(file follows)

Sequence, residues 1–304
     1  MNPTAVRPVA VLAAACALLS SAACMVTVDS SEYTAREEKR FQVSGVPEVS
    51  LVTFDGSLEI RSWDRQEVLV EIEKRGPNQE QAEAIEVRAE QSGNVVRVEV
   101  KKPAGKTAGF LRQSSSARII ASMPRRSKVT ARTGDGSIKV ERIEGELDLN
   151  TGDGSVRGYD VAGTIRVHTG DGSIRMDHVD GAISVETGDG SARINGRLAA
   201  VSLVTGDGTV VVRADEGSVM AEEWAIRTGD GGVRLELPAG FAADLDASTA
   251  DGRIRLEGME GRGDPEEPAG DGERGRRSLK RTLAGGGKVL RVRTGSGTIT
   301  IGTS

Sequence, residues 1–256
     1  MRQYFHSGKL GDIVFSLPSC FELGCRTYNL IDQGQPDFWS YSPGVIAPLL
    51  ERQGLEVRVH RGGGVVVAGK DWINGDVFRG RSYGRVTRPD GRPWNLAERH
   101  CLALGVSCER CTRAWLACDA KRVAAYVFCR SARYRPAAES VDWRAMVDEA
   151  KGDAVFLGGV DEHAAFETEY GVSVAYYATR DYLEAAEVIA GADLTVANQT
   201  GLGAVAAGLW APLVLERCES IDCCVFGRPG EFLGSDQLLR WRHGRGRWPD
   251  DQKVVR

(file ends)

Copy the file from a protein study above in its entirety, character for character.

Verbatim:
Sequence, residues 1–304
     1  MNPTAVRPVA VLAAACALLS SAACMVTVDS SEYTAREEKR FQVSGVPEVS
    51  LVTFDGSLEI RSWDRQEVLV EIEKRGPNQE QAEAIEVRAE QSGNVVRVEV
   101  KKPAGKTAGF LRQSSSARII ASMPRRSKVT ARTGDGSIKV ERIEGELDLN
   151  TGDGSVRGYD VAGTIRVHTG DGSIRMDHVD GAISVETGDG SARINGRLAA
   201  VSLVTGDGTV VVRADEGSVM AEEWAIRTGD GGVRLELPAG FAADLDASTA
   251  DGRIRLEGME GRGDPEEPAG DGERGRRSLK RTLAGGGKVL RVRTGSGTIT
   301  IGTS

Sequence, residues 1–256
     1  MRQYFHSGKL GDIVFSLPSC FELGCRTYNL IDQGQPDFWS YSPGVIAPLL
    51  ERQGLEVRVH RGGGVVVAGK DWINGDVFRG RSYGRVTRPD GRPWNLAERH
   101  CLALGVSCER CTRAWLACDA KRVAAYVFCR SARYRPAAES VDWRAMVDEA
   151  KGDAVFLGGV DEHAAFETEY GVSVAYYATR DYLEAAEVIA GADLTVANQT
   201  GLGAVAAGLW APLVLERCES IDCCVFGRPG EFLGSDQLLR WRHGRGRWPD
   251  DQKVVR